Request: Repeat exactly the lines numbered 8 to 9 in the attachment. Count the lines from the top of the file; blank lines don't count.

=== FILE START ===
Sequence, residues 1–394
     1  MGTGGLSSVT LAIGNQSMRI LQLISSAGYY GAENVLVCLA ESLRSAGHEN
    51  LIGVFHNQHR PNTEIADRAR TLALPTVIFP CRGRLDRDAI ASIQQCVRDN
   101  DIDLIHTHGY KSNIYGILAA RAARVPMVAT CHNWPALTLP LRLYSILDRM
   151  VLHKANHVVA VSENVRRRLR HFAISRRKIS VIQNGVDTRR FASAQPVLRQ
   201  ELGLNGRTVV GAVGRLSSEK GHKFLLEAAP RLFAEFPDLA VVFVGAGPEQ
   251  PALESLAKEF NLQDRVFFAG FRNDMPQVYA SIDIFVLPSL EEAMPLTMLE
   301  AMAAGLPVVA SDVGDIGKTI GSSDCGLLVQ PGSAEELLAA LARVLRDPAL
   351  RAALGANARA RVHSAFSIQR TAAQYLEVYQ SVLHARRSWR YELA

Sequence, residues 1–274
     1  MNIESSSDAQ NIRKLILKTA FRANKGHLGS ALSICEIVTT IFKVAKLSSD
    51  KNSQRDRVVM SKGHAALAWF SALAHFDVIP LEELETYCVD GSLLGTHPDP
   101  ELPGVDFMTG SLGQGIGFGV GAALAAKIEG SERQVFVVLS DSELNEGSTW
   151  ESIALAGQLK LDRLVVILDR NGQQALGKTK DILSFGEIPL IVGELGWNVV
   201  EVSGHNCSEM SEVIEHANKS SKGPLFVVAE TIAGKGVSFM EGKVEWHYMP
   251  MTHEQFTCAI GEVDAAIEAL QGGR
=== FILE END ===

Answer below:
   301  AMAAGLPVVA SDVGDIGKTI GSSDCGLLVQ PGSAEELLAA LARVLRDPAL
   351  RAALGANARA RVHSAFSIQR TAAQYLEVYQ SVLHARRSWR YELA